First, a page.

Associate professor of sculpture Corin Hewitt has been doing some independent archaeology, and his new show “Shadows Are to Shade” at the Institute for Contemporary Art at VCU showcases the history he’s unearthed. Hewitt began excavating underneath his two-story home and studio in the Fan last year, and he’s since discovered that his 1915 house was once owned by the Ford family. The artifacts and research materials from his project will be on view at the ICA throughout the summer. Plus, the dig site at Hewitt’s home is open to interested visitors once a week.
This history is the foundation for the exhibition, which combines video, scrim walls, land alterations and artifacts — real and fabricated — divided between the second floor of the ICA and a room in Hewitt’s home, which will be open to visitors once a week.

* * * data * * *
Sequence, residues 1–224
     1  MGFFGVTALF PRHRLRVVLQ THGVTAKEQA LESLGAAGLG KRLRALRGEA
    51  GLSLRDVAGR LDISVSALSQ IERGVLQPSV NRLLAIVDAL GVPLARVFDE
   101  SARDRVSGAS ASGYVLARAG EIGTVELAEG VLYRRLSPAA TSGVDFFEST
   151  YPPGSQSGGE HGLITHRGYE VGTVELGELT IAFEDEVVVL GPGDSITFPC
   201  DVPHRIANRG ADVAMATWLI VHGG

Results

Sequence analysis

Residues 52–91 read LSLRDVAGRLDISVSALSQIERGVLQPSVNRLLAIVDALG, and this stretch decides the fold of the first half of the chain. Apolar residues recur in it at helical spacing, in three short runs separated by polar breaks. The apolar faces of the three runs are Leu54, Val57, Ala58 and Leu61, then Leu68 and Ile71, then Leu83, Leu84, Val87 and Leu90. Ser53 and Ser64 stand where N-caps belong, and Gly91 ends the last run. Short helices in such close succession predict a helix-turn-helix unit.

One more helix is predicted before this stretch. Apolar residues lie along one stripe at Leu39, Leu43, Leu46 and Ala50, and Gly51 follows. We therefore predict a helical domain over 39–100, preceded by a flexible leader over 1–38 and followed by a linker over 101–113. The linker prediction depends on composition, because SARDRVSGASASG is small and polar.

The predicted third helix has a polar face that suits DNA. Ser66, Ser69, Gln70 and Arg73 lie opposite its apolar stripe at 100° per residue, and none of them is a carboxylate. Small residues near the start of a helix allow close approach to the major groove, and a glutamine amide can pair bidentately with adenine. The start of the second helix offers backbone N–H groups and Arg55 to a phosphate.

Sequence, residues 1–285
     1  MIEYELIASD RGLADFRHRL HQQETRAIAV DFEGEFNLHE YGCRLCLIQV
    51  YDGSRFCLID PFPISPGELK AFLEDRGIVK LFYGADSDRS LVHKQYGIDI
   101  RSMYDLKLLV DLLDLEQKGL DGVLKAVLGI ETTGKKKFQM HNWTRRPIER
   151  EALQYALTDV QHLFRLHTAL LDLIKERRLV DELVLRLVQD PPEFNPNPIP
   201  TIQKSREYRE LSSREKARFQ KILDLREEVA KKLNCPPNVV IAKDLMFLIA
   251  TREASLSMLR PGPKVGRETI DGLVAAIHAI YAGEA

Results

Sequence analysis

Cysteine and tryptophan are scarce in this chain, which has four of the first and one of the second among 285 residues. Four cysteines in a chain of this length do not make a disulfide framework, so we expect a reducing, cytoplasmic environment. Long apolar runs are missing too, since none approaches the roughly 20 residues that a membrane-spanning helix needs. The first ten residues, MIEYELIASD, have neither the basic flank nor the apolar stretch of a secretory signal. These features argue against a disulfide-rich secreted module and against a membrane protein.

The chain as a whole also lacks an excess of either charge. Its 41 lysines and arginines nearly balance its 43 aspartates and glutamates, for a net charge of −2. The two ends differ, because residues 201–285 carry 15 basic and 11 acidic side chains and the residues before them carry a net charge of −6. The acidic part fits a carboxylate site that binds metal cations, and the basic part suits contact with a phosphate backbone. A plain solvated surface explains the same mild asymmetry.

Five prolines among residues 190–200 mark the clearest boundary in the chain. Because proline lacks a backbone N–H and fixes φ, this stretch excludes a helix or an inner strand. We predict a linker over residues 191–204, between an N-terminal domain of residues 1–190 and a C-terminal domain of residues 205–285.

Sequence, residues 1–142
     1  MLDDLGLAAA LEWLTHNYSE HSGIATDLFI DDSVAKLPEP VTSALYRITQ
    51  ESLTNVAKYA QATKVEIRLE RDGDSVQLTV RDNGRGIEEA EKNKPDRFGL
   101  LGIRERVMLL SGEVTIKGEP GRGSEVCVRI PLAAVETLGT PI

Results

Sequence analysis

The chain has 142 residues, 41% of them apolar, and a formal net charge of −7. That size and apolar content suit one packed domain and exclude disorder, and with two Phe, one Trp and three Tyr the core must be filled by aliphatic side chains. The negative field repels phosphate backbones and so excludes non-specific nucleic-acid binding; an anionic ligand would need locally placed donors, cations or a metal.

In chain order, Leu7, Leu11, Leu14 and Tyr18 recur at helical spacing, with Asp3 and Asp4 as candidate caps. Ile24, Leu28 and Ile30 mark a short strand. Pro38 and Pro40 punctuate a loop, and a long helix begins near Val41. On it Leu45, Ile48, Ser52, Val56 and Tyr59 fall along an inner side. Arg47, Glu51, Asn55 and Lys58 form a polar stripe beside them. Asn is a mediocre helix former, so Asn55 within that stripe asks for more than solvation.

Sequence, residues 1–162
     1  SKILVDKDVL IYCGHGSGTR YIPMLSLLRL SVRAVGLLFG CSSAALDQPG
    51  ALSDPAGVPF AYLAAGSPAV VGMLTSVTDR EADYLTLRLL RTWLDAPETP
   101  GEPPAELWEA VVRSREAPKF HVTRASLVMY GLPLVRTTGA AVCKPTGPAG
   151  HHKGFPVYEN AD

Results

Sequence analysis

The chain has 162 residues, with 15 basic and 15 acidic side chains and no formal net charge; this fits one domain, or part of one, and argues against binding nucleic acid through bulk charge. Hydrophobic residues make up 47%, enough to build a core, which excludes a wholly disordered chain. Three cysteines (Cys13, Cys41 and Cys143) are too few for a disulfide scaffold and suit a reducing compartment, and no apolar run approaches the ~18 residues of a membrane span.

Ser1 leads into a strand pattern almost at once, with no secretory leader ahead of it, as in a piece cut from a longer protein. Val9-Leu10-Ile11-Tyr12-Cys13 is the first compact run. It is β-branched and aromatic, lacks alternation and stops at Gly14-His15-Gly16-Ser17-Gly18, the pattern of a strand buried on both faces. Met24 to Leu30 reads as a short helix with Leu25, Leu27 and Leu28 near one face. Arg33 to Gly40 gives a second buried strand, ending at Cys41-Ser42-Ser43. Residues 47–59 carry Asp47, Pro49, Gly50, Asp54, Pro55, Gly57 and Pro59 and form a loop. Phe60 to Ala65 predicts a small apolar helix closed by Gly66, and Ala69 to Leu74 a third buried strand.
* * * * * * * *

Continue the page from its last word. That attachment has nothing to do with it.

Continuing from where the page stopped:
“I’ve always been interested in the relationship of bases to sculpture — what the ground is that the figure stands on,” Hewitt says. “We expect that when we’re standing somewhere there’s a stability to what we’re standing on. I really like to think about unpacking that, the historical stability and the firmament that’s under that, [even] thinking about that politically.”